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St Lawrence, North Wingfield, Derbyshire

(53°10′30″N, 1°23′49″W)
North Wingfield
SK 404 644
pre-1974 traditional (England and Wales) Derbyshire
now Derbyshire
medieval Lichfield
now Derby
  • Celia Holden
  • Jennifer Alexander
  • Louisa Catt
  • Olivia Threlkeld
08 April 1990, 31 August 2014

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North Wingfield is a village about four miles SE of Chesterfield. The church lies to the W of the village and is a structure of coursed squared sandstone and sandstone ashlar consisting of an aisled nave, a N transept, two N side chapels, a chancel with a N vestry, a S porch and an embattled W tower. The only original 12thc sector of the church is the N transept. Much of the current building is of the Perpendicular period; it was restored in 1880 by Richard Herbert Carpenter and Benjamin Ingelow. Romanesque sculpture consists of the E window of the N transept, a reset head in the S aisle, and two incised tomb slabs in the S porch.


The Domesday Survey records that the extensive parish of 'Winnefelt' valued £4 and possessed a priest and a church. In 1066 the manor was held by Swein the Noble, and in 1086 it passed under the lordship of Walter of Aincourt. In the mid-12thc, during the reign of Henry II, the manor was held by the Deincourt family, and one Ralph Deincourt, son of Roger, presented the church to Thurgarton Priory (Nottinghamshire); the priory had earlier been his grandfather's foundation. John Charles Cox surmises that Ralph rebuilt or restored the church prior to bestowing it on Thurgarton Priory, and that the fine transept window is the only remnant of his work.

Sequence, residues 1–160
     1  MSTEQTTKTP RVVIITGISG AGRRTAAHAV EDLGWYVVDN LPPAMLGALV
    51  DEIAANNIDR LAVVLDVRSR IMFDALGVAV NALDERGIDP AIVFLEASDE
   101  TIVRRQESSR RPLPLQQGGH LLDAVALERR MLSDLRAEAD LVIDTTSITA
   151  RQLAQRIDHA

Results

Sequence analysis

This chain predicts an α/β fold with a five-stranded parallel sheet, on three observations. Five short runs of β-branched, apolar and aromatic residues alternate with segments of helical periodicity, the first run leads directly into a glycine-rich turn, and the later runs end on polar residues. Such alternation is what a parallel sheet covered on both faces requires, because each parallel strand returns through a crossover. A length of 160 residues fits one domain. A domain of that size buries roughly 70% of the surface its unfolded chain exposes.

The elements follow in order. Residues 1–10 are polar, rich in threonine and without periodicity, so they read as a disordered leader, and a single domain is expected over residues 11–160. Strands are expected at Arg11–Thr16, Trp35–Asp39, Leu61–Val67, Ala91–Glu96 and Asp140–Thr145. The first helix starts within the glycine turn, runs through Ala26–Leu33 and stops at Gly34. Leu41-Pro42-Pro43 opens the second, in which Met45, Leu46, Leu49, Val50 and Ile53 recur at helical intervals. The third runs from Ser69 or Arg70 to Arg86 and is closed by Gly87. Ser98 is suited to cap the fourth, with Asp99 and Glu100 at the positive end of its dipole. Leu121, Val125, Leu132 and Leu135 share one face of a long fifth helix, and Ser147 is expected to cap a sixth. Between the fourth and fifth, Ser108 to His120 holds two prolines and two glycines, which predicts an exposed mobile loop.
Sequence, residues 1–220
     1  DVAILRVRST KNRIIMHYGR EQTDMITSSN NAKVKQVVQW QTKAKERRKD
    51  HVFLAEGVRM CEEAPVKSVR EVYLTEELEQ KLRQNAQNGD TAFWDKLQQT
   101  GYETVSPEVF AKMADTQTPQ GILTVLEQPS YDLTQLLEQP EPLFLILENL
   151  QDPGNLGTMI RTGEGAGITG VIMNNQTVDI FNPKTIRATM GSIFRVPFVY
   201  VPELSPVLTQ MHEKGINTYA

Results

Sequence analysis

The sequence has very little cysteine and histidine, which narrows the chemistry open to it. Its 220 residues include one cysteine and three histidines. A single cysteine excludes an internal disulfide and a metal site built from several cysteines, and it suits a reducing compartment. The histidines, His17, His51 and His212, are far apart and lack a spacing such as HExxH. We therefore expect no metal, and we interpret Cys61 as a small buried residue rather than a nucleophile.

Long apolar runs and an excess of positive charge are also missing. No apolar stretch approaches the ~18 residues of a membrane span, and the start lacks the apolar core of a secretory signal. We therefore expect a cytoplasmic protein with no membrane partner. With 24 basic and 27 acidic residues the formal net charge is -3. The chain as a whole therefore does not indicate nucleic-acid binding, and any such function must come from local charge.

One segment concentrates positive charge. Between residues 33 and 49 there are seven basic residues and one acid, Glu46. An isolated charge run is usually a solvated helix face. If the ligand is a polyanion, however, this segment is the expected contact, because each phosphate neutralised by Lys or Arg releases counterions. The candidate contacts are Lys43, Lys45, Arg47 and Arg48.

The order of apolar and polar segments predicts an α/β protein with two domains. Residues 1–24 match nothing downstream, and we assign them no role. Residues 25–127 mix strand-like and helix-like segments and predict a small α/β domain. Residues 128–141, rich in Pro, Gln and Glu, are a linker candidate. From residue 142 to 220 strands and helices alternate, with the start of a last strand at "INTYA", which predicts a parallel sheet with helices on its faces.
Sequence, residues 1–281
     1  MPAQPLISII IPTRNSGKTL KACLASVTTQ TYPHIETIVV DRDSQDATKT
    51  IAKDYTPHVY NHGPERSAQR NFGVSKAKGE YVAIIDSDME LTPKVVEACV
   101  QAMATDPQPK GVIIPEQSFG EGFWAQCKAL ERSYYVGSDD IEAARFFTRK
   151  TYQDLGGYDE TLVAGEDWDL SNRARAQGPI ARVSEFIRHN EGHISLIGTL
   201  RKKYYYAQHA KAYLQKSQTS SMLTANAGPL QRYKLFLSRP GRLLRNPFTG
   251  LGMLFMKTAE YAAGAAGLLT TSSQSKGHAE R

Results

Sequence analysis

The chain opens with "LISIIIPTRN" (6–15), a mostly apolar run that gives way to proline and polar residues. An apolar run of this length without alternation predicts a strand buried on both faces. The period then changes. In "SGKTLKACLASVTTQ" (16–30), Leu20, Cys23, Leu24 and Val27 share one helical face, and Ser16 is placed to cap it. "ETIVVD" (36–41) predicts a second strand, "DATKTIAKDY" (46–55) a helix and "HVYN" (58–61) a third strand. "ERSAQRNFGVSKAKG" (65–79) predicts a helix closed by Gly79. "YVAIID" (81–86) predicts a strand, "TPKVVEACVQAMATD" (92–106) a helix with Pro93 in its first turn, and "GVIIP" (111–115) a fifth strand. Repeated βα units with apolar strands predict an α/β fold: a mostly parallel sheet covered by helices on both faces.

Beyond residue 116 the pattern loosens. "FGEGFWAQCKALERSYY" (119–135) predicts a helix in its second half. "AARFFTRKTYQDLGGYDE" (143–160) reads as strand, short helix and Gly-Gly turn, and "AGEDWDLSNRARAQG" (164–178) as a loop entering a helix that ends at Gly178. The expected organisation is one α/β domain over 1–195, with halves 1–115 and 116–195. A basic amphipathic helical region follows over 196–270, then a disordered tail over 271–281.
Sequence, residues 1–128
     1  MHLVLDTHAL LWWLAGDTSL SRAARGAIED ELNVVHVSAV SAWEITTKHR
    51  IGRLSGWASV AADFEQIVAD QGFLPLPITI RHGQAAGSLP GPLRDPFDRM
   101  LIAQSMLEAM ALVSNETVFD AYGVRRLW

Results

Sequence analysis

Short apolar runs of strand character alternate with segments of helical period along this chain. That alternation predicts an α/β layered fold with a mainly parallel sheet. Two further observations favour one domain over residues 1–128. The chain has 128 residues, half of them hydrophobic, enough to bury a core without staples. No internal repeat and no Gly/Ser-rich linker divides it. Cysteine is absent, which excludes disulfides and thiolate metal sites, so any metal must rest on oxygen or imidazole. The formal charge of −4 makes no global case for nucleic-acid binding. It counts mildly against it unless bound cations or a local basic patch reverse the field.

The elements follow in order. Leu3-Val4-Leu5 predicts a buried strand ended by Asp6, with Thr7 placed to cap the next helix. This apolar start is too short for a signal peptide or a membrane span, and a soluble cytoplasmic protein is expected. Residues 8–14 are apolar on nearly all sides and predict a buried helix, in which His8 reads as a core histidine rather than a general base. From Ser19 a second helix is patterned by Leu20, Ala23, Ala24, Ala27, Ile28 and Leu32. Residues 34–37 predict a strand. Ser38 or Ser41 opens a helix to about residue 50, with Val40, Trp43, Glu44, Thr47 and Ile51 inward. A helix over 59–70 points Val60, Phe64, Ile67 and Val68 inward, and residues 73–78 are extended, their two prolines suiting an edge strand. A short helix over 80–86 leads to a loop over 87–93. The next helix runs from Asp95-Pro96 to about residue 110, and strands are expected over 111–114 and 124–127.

Exterior Features





Loose Sculpture


John Charles Cox's comment on the transept window capitals - that they 'might, if taken by themselves, be attributed even to the Saxon period' - is remarkably perspicacious, as the paired tendrils with curled tips are exactly paralleled on the narrow frieze at Breedon, which is dated to c.800. They certainly look earlier than the rest of the window, which has probably been altered or rebuilt, as the superfluous column bases seem to indicate. Thus the dogtooth and the pointed arch could well be a later introduction of c.1160, and the capitals can be dated to the early 12thc.

The slab in the S porch incised with a cross fleury was probably carved in the mid-12thc, and resembles that at Bakewell (Cox (1875), II, pl. II, fig. 6). John Charles Cox describes this cross (I, 42b) but gives its size as only 24 inches long by 9, tapering to 7, wide, calling it an infants gravestone. Either he is referring to the one now in the S porch which is larger, or another, now lost, is uncertain. The small incised grave-marker is dateable to c.1100; it is also paralleled at Bakewell (Cox (1875), II, pl. III, fig. 5). Cox also mentions a cross-slab on the floor at the entrance to the S porch, with the head under the door-hinge.


J. C. Cox, Notes on the Churches of Derbyshire, vol. 1, London 1875, 415-34.

W. Stevenson, 'Some notes on North Wingfield Church', Journal of the Derbyshire Archaeological and Natural History Society, 40 (1918), 193-201.

N. Pevsner, The Buildings of England, Derbyshire, London 1953, 291-2.